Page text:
Embouchure Woes?

Dear Mr. Friedland,

I am writing to you in the hope that you will be able to help me with my dilemma. First I suppose I had better introduce myself: My name is Ben and I am a 1st year university clarinettist in Melbourne, Australia. I have been playing clarinet for 10 years now and always have worked as hard as I possibly can. My Clarinet idols are Larry Combs, Gregory Smith and Robert Schubert and I always strive to play like them.

My dilemna arose recently after discovering that my bite or embouchure-tension was greater than I had originally thought. I realise that some muscle stength/tension is needed to play effectively however I believe (after observation) that my tension is too great and affecting my playing as a whole. So, I made an effort to do something about this but am finding myself running around in circles. No matter how hard I try to ease the tension, relax and play, my embouchure always resorts back to its old fashion of biting. This is incredibly frustrating and I find myself becoming even angry about not being able to physically do what I really want to do.

Can you please offer some advice on this matter. Anything would be much appreciated!

Yours In Clarinetistry.


Dear Ben:

I think I have forgotten your question, or to answer it. And when I think of my initial answer I know that I have not written about your problem as yet.

There are several key words and phrases in your note:
1: running around in circles and
2. frustration at the problem.

Here is my sincere advice:

Don’t play for a day or for several days. Put the clarinet out of your mind … before it makes you that way.

Then start to play again, but very slowly, very slowly and use the double-lip embouchure.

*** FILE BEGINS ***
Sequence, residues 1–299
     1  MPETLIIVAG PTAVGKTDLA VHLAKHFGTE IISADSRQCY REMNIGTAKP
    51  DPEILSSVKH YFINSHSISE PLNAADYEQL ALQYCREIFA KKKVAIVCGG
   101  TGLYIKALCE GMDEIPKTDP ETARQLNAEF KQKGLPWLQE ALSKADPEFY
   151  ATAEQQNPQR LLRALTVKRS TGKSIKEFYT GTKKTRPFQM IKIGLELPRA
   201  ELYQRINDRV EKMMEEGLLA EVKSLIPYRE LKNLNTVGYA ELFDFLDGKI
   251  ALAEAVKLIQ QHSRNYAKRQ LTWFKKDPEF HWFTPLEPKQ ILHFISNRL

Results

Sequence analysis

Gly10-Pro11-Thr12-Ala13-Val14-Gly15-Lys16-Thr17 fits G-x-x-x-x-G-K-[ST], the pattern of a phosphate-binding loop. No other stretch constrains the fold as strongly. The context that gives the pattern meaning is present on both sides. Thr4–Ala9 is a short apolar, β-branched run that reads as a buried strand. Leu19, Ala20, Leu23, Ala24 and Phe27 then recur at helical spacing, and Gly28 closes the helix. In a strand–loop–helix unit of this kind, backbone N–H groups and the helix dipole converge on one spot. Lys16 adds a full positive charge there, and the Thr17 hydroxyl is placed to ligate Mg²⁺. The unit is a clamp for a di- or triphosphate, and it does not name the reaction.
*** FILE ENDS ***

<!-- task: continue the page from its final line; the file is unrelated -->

This is the most perfect embouchure, the ideal, the most natural and you will not be able to do it very well. Not at all if you bite, for you will bite until you bleed and that does smart.

Please, take it on blind faith, for I have done the same thing, many tmes, and I use this double lip as a therapeutic embouchure, and when playing in the orchestra I used it on all unison passages.

Here is what you cannot do with this way of holding the clarinet in your mouth:

You cannot bite; it is impossible because it will hurt you, so you will begin to ease up on hard reeds and you will begin to (probably) take less mouthpiece in your mouth.

You will stop banging your fingers because it will hurt your mouth each time you do. You will stop leaking air (you have to). Your legato will improve exponentially.

These things kind of outline your problem and the double lip embouchure helps amazingly well.

The greatest players used it: Ralph MacLane (first in Philadelphia). Mention his name to Larry and he will agree, unbelievable sound. Harold Wright, (first in Boston), a student of MacLane’s and the best there was, really.

As far as sound and legato, there is or was simply nobody else, unless you talk about their teacher, whose name I do not recall.

Gino Cioffi, first in Boston and my teacher for a while, had the most beautiful sound on a clarinet that was possible to get. Double lip.

No matter how hard it feels , please give it some time.

Be prepared to have the clarinet almost drop from your hand when you play thumb F or thumb C … until you get used to it and develop the proper muscles.

Anyway, that is all I can tell you. First, stop and let your mouth and brain heal, then do the double lip. Try, it will be hard, but it is like self-adjusting, really it is. And you may get to love it and marry it. You could do worse.

Sorry to make you wait for the reply.

Best wishes to you


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